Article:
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The 'bionic' man with a smartphone dock in his arm
Trevor Prideaux, born without a left forearm, found it exceptionally difficult to use his phone. So he came up with a futuristic solution
To take a call on the Nokia phone in his fiberglass prosthesis, Trevor Prideaux just holds his forearm up to his ear or clicks on speaker phone.
To take a call on the Nokia phone in his fiberglass prosthesis, Trevor Prideaux just holds his forearm up to his ear or clicks on speaker phone.
Screen shot, thatsfit.com
I

magine trying to use your smartphone with just one arm. Not easy, right? That was the problem vexing Trevor Prideaux, a 50-year-old British dad who was born without a left forearm. Frustrated with having to balance his phone on his prosthetic arm or find a flat table to rest it on, he came up with an innovative solution: He had a smartphone dock built into his prosthetic arm, making him something of a "bionic" man. Here's how he did it:

What type of phone did he choose?
He initially wanted to test the idea with a new iPhone, but when Prideaux asked Apple for a blank iPhone casing, "the communications giant refused to cooperate," says Britain's Telegraph. So Prideaux upgraded his old Nokia C7, and technicians at the Exeter Mobility Center made a cast of his phone, then created a special prosthetic that could hold the device in place. Prideaux says that since the Nokia phone "has both a QWERTY and alphanumeric board," it's actually easier for him to use than an iPhone.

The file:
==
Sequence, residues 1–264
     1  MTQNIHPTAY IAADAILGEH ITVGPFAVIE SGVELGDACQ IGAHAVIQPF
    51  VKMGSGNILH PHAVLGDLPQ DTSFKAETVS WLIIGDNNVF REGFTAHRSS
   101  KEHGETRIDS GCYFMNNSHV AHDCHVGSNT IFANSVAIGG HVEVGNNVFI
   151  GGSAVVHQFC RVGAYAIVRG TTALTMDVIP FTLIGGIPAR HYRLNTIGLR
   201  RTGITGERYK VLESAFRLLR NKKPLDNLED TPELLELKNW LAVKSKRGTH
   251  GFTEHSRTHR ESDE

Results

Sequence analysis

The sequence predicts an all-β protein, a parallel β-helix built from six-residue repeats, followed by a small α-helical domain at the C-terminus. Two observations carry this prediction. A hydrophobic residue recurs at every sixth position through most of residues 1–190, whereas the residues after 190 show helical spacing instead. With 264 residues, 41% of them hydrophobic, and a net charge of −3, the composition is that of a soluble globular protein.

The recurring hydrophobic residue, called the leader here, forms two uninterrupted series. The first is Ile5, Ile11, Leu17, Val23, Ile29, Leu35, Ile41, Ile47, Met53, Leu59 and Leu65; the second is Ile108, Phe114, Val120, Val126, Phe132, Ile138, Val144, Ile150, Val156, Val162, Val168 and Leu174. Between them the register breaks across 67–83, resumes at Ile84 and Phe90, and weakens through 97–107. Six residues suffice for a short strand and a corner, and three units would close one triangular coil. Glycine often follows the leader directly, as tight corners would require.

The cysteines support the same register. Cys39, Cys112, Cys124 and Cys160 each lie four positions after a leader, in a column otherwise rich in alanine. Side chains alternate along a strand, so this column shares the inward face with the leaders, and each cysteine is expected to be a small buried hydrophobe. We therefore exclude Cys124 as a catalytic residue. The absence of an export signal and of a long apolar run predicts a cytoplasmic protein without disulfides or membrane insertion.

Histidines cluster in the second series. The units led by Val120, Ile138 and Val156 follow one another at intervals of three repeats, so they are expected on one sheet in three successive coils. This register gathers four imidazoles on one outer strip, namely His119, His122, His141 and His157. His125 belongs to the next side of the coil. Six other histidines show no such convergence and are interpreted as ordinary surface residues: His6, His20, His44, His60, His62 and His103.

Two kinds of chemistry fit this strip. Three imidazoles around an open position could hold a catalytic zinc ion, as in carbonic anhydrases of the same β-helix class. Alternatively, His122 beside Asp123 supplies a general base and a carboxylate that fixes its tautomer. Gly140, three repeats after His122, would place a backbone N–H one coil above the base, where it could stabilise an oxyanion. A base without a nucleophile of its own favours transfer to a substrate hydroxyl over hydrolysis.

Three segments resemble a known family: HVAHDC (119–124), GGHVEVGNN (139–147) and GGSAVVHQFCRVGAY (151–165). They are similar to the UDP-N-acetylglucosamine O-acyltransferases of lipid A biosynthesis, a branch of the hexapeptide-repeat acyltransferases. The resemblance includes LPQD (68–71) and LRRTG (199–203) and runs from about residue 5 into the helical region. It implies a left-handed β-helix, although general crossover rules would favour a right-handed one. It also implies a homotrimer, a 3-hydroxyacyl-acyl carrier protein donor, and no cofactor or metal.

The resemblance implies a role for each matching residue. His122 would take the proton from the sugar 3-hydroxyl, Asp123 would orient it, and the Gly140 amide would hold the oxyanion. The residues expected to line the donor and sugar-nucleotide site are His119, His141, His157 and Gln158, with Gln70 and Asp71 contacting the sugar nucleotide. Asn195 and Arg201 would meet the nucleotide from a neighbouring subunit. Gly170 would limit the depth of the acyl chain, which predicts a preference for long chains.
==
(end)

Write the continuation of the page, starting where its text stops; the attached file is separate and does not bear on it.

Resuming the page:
How does the smartphone dock into the arm?
"My Nokia C7 sits within my forearm, between my stump socket and the single knob rotary that holds my limb attachments in place," he says. Essentially, it's right in the middle of the underside of his fiberglass-and-laminate forearm. Now, whenever he receives a call, he can hold his arm up to his ear or put it on speaker phone with his free hand. The arrangement also lets Prideaux play games and send text messages with ease

Are smartphone limbs in store for other amputees?
Perhaps. At this point, the fiberglass, skin-colored appendage is just a prototype, but Prideaux thinks that "people who have had motorbike crashes and soldiers who have lost limbs" could also benefit from a device like his. 

Sources: Telegraph, TG Daily, UPI

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